Authorship is Good for Health
We know from lots of research that feeling we are in control of our lives is necessary for health. Those who feel in control live longer, make fewer visits to the doctor, and have fewer health complaints.
As we mentioned in the introduction, it may be that believing that I am the author of my life is an illusion. But this doesn’t make it a bad thing (FYI an illusion is not something that is untrue. An illusion is something that doesn’t appear as it is, such as a magic trick). There’s even a theory in psychology called “positive illusion”. This theory says that an individual thinks more highly of himself or herself than others do. I believe that I am a firm decision-maker—a good thing. But my partner says I’m stubborn, and my neighbors say I’m pig-headed. According to research, those with positive illusions (not delusions) are healthier than those who don’t think highly of themselves.
The Story We Tell Ourselves
Perhaps the best way to be the active author of your life is to be aware of the story you tell yourself of who you are and how you fit in the world around you. We’ve talked many times in the online program of the work of psychologist Dan McAdams who says we are the story we tell ourselves. If the way you make sense of your life is that you are a victim who has no power, that becomes your reality. If the way you make sense of your life is that you know yourself, have goals, and are quite capable of making choices, then that’s your reality. It depends on the story.
Daniel Dennett, a philosopher who is well versed in brain science (and works closely with psychologists and computer engineers), argues that our “self” is a “center of narrative gravity”. According to Dennett, our personal narrative of who we are dictates how we make self of ourselves. In his words, “Our tales are spun, but for the most part, we don’t spin them; they spin us”. Interestingly, Dennett (unlike McAdams) doesn’t believe that each of us has a “self” who makes decisions. He says this is an illusion. Still, as we’ve discovered, positive illusions are good for our health.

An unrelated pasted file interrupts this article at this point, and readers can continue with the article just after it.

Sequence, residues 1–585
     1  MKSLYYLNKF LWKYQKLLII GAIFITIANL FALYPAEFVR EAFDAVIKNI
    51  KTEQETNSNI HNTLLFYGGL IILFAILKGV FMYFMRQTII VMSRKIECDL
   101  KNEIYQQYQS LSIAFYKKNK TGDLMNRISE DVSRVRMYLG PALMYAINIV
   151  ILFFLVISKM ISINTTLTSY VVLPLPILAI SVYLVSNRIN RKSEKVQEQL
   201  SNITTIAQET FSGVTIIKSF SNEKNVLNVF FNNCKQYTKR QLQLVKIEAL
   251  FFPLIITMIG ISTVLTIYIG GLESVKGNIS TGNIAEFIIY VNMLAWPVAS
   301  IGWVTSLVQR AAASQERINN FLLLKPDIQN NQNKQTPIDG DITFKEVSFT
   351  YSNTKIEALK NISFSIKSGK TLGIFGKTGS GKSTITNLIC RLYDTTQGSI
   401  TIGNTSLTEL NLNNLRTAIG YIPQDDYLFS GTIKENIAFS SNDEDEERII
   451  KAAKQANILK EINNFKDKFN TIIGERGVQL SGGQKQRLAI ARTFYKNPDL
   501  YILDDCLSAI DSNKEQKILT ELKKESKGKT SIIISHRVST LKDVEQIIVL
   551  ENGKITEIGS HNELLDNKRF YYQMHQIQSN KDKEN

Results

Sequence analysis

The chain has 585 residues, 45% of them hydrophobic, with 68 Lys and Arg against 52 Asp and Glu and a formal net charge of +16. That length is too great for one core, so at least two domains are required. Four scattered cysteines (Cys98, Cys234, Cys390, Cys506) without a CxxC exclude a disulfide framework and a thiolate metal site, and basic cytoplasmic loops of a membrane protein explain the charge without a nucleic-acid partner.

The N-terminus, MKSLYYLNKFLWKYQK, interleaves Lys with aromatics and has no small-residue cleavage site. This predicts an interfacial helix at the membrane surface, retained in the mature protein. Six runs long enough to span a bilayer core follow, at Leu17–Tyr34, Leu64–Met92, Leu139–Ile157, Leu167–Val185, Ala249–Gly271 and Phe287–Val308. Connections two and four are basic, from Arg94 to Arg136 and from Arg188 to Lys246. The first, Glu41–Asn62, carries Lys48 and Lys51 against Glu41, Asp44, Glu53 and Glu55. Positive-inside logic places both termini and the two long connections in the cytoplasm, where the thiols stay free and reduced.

Regardless of whether you’re a fan of McAdams or Dennett, it seems that evolution has given us this need to create a story of who we are and how we fit in society. There must be survival and health benefits attached to this feeling.
So being the author means to write a personal narrative that helps you live a good life.
Quick Tips on Being the Author of Your Life
There are lots of tricks and strategies you can use to practice being the author of your life. Here are three common ones:
Teach people how to treat you—We teach others how to treat us. If you don’t stick up for yourself, some will treat you like a doormat. If you set personal boundaries with others, you teach them that you are quite capable of making decisions for yourself. If you get angry easily, you teach others to keep away from you. If you listen to others, you teach them that you care about them.
Give up blaming—Being the active author of your life demands giving up positioning yourself as a victim. Those who live contented lives do not blame others or events or conditions for their miserable lives. If you always blame something outside yourself for your miserable life, that’s your choice.
Take responsibility for decisions—Those suffering from addictions have a tough time taking ownership of their behaviours. Of course, much of this has to do with the stigma of addiction. It’s hard to be open about a problem when TV, family, and society point a shaming finger at them. But being the active author of your life means taking ownership of choices, even the bad ones.